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Common Core Standards: ELA - Literacy

Grade 9-10

Writing WHST.9-10.7

Conduct short as well as more sustained research projects to answer a question (including a self-generated one) or solve a problem; narrow or broaden the inquiry when appropriate; synthesize multiple sources on the subject, demonstrating understanding of the subject under investigation.

Set the Stage

Research is key in this standard, and students should be able to do a few things with it:

  • Conduct both short and long-term research projects, budgeting their time and resources appropriately.
  • Use research to answer a question (either given or self-generated) or to solve a problem.
  • Adjust the scope of their research as needed, broadening their search if the information is sparse and narrowing it if the information is non-specific.
  • Synthesize multiple sources or bring together different pieces of information to show how they are connected in context.
  • Use research to demonstrate a thorough understanding of their subject, including different perspectives or sides of the issue if applicable.

You can help your students master this standard by designing a variety of projects that incorporate research in different ways. Let’s take a look at one example.

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Teaching Guides Using this Standard

Example

Dress Rehearsal

Everyone knows about the pleasures of summer and few forget its aggravations, like the bugs and all their itchy bites. City or country, mosquitoes are everywhere. What does modern man do about this age old problem?

That’s the subject of your assignment in biology. You generate your own question on the topic: What are the most common approaches used to control insect numbers? You have been given one day in the computer lab for study and another day to write your report. You decide to create a graphic organizer to point out major ideas and details as you research.

You begin your research with an Internet search for insecticides and discover there are three common types: inorganic, botanical, and chlorinate hydrocarbons, better known as DDT. You think you should be reading the material at arm’s length. You know… just in case. Insecticides have gotten a LOT of bad press.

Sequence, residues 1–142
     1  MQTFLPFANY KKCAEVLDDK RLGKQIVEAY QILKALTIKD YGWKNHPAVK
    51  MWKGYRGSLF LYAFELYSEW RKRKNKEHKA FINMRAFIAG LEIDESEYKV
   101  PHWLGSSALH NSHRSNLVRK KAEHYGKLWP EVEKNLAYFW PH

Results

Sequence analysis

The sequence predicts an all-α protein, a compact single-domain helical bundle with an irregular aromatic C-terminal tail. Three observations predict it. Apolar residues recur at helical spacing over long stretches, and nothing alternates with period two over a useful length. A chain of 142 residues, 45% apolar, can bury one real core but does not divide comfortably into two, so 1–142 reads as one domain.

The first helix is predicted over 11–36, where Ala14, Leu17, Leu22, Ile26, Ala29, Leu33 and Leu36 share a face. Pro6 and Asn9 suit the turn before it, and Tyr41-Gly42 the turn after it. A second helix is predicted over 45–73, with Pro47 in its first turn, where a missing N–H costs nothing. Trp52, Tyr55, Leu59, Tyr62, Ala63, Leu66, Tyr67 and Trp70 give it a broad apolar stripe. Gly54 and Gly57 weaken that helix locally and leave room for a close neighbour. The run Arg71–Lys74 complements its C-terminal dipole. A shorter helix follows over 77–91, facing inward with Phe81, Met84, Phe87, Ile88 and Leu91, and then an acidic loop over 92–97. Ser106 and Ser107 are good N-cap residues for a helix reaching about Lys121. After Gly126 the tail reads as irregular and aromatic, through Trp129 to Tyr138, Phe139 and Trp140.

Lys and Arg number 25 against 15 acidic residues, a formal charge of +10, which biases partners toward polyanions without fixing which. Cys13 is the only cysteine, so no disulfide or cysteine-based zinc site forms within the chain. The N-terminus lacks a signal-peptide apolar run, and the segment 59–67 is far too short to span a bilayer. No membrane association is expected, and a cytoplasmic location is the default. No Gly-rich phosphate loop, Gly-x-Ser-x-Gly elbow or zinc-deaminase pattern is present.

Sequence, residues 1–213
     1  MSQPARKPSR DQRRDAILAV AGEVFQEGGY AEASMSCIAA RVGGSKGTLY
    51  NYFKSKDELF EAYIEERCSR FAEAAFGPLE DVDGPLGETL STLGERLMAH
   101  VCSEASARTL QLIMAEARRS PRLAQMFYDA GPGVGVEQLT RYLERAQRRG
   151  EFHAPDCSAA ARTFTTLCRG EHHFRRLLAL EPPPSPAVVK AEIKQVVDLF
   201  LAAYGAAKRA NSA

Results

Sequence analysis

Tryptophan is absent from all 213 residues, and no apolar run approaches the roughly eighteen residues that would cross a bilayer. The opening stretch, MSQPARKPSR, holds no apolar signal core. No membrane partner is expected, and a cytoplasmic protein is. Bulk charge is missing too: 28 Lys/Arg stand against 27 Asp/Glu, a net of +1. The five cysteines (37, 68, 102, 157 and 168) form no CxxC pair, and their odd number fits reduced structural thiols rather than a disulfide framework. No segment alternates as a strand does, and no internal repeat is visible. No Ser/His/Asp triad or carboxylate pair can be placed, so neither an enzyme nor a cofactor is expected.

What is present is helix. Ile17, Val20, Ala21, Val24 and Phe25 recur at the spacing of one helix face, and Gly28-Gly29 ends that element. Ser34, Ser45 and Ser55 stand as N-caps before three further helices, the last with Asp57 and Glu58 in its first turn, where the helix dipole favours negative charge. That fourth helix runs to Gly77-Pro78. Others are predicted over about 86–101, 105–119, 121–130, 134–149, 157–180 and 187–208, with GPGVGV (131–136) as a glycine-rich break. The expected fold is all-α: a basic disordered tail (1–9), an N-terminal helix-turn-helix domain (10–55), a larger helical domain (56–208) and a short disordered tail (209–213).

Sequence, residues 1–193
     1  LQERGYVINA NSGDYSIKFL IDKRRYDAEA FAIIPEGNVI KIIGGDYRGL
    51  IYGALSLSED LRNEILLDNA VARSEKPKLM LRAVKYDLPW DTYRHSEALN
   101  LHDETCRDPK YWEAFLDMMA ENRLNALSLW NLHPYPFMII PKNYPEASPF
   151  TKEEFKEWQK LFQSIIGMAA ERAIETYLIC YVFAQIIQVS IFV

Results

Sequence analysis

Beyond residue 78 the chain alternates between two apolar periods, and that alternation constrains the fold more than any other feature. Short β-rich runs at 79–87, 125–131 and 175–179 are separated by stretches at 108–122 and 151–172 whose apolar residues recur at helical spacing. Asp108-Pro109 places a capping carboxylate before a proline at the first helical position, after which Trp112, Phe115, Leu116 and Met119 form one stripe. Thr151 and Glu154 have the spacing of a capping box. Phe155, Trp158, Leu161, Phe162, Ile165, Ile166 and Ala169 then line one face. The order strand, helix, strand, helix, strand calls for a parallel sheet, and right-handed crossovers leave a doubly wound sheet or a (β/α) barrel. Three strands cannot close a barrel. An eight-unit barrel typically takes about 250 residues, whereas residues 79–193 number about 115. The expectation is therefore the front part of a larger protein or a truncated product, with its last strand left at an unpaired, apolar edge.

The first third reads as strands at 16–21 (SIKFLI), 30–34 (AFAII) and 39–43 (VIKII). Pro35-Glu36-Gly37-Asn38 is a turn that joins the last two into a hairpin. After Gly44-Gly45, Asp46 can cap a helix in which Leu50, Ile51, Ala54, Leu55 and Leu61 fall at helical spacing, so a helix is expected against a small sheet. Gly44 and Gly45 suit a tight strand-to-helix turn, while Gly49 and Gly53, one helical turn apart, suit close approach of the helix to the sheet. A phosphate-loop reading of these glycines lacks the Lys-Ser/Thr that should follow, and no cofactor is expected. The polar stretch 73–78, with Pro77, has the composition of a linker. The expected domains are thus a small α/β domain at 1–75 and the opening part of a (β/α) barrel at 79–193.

The first website explains the inorganic insecticides. These are compounds of arsenic, one of the oldest ways to handle pests. Unfortunately, you learn, these can be quite toxic to humans and animals and may remain in the environment for years. No good.

A website on insects describes the use of botanicals, or natural compounds taken from plants in order to deal with mosquitoes and their ilk. And don’t they deserve it? The use of these substances sounds better to you since they don’t harm other organisms outside the targeted insect, and unlike inorganic insecticides, they break down easily. They’re expensive though.

Next, you research another website to find information about DDT which came into use during World War II. This insecticide is based on hydrocarbons with chlorine atoms replacing some of the hydrogen atoms. DDT is effective against the mosquitoes that cause malaria and fleas that cause produce the plague. It also fights against insects that destroy farm crops.

Your research on this site explains the drawbacks of DDT. The compound does not easily break down and stays in the environment for a long time, eventually entering into the food chain of smaller organisms. Also, insects can become resistant to DDT’s effects. Those little buggers are strong.

You chart your findings and conclude that, while there are a number of ways to handle insect populations, some of those ways can have detrimental effects to the environment, and they vary in their effectiveness and cost. Your columns might be titled: Type/Name of Insecticide, Composition, Use, Effect, Advantages, Disadvantages. On schedule, you hand in your graphic to your teacher, complete with a bibliography section to give credit to your sources.

You’ve gathered information from a variety of sources, brought the concept and details into one document, and met your two-day deadline in order to answer your research question. Now, let’s imagine that your teacher wants to take the idea of insecticides a step further.